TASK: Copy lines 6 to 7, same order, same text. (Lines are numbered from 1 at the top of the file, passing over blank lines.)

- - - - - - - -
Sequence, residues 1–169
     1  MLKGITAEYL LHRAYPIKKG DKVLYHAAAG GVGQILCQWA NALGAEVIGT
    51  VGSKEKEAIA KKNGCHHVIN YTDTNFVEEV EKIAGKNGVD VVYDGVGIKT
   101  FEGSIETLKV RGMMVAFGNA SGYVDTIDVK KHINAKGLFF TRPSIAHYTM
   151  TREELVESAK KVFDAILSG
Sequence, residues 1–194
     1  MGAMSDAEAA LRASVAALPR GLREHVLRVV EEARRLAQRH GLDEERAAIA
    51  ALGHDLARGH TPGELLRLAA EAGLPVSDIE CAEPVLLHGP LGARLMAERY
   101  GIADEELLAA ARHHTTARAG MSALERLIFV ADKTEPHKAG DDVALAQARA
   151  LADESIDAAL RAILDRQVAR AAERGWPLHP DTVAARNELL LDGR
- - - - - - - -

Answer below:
Sequence, residues 1–194
     1  MGAMSDAEAA LRASVAALPR GLREHVLRVV EEARRLAQRH GLDEERAAIA